Researchers at Northeastern University’s Action Lab are analyzing the movements of whip experts like Jack Lepiarz, known as Jack the Whipper, to understand more about how humans manipulate complex objects.

Why do robots need to use whips? Researchers test the extremes of human motor control to advance robotics

On any given day, Richards Hall on Northeastern University’s Boston campus is filled with the sound of students’ shuffling feet or energetic class discussions, but this week you might have heard something else: a whip cracking.

The man responsible for that distinct cracking sound is Jack Lepiarz, aka Jack the Whipper, a trained whip performer who has become famous on social media.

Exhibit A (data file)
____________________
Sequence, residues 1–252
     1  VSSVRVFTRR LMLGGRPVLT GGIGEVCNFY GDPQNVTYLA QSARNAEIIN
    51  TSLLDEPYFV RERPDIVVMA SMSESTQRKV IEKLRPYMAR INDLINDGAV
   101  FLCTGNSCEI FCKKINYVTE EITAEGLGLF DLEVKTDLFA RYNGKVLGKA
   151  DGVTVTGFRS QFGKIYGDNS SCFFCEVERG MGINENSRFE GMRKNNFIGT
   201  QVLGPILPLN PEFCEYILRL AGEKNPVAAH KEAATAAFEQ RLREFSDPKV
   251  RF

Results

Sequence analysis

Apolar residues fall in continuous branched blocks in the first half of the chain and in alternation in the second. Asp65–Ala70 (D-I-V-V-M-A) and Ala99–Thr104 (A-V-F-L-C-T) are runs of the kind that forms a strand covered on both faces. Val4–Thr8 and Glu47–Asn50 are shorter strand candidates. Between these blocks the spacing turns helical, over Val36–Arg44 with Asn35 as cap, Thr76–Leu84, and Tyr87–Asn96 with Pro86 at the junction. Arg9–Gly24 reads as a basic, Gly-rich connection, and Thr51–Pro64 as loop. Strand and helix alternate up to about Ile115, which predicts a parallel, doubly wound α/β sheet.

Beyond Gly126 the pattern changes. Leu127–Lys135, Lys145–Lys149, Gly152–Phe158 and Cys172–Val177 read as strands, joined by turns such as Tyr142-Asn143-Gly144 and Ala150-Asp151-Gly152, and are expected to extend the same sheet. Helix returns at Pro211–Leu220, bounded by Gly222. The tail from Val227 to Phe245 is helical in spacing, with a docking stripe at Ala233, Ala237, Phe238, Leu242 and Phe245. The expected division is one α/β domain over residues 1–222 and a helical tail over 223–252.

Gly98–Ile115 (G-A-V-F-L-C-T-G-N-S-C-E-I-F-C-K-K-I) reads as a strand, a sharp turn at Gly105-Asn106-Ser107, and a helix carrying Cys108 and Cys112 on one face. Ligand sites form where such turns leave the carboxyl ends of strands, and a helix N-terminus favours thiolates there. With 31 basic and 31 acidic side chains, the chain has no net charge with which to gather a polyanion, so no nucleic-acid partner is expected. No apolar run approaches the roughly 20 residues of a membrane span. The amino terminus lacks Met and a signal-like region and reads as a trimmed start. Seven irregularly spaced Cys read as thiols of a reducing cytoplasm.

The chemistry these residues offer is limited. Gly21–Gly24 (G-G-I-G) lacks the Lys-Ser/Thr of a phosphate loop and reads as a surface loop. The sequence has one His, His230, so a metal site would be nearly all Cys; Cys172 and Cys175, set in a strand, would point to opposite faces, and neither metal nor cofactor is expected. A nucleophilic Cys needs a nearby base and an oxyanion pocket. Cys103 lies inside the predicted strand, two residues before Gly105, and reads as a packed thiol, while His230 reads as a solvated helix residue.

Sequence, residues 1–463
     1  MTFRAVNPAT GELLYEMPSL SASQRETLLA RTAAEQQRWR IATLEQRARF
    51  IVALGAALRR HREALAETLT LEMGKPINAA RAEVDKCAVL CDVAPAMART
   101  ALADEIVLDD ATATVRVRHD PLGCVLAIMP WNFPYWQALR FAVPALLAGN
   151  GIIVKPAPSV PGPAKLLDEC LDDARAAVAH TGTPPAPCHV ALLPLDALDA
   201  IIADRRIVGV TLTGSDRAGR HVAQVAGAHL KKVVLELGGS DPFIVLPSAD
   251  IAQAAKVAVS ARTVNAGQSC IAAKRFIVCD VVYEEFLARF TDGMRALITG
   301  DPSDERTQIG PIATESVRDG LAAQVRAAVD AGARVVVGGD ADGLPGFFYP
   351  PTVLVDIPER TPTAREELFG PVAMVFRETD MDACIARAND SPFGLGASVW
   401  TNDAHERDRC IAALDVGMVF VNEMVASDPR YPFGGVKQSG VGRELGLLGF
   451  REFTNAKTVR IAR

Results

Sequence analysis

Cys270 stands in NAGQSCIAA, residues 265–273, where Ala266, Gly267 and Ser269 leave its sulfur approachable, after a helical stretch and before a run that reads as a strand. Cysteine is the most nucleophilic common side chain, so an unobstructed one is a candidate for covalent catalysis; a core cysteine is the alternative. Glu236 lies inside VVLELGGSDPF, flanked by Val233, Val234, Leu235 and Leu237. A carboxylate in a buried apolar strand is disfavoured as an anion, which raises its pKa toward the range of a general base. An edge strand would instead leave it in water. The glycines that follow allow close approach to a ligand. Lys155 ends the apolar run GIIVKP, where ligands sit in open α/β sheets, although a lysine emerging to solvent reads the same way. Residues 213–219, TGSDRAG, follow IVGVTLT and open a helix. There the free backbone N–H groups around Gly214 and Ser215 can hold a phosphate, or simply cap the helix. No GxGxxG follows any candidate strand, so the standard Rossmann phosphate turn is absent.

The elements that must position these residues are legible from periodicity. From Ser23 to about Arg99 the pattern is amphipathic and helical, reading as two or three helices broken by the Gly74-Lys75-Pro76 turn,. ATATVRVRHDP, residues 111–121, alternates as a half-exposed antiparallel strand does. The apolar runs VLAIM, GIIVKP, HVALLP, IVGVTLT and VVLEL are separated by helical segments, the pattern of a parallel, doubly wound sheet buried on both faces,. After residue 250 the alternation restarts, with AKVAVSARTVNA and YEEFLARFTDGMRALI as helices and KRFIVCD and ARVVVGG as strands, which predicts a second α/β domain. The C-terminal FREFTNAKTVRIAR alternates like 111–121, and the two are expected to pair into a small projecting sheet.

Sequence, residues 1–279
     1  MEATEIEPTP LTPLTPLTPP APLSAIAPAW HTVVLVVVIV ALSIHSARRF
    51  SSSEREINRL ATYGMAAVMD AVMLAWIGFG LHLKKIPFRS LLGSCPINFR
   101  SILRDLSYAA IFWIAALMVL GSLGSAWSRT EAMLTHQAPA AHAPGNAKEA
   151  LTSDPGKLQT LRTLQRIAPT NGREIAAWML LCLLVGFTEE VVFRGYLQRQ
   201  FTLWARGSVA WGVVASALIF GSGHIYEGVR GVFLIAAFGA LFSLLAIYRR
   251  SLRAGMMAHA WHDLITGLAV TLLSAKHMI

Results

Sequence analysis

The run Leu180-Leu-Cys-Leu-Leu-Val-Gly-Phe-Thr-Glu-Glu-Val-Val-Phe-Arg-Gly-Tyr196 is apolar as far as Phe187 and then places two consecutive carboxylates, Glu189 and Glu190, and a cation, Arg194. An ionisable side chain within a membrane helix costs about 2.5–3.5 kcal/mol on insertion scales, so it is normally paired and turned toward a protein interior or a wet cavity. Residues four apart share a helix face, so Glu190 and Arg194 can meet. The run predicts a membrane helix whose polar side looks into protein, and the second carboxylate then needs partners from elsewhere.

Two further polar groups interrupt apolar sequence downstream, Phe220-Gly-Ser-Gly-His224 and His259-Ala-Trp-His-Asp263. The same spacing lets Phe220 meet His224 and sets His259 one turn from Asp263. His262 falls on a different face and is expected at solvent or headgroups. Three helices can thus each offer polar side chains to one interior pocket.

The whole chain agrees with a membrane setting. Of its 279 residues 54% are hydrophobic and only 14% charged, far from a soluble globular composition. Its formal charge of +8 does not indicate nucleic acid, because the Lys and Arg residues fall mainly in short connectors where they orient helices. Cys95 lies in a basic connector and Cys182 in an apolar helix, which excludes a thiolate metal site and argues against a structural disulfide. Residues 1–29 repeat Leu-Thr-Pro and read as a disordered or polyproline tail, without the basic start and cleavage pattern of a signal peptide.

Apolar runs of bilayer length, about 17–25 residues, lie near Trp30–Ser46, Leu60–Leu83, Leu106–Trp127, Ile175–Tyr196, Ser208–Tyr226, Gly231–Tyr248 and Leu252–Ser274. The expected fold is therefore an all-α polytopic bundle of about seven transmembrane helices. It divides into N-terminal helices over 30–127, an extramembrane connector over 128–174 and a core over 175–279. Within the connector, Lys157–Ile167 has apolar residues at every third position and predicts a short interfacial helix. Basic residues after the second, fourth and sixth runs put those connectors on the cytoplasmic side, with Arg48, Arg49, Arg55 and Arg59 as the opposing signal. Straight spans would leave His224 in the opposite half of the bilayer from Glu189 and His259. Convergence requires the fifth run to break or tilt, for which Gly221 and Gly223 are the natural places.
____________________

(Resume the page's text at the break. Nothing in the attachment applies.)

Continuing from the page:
As part of their work on human movement control, Dagmar Sternad, university distinguished professor of biology, electrical and computer engineering and physics, and her research group at Northeastern’s Action Lab are looking at the movements of experts like Lepiarz, as well as whip cracking novices, to understand how humans manipulate complex objects, like whips.

Read more from Northeastern Global News.

Photo by Alyssa Stone/Northeastern University

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